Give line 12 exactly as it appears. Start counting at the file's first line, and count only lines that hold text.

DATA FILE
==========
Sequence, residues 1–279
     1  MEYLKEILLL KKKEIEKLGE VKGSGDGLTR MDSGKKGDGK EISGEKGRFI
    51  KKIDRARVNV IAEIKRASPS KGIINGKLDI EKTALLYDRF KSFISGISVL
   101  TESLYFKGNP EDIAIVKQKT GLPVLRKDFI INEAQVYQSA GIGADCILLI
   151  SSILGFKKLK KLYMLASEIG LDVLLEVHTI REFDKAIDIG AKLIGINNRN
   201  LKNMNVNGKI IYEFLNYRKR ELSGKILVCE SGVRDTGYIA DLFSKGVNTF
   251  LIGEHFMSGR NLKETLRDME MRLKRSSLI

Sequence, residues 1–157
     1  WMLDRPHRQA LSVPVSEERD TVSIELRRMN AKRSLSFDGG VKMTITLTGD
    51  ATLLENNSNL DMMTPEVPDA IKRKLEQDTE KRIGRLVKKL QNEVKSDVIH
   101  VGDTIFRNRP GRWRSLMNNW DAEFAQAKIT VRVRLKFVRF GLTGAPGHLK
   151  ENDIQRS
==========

   151  ENDIQRS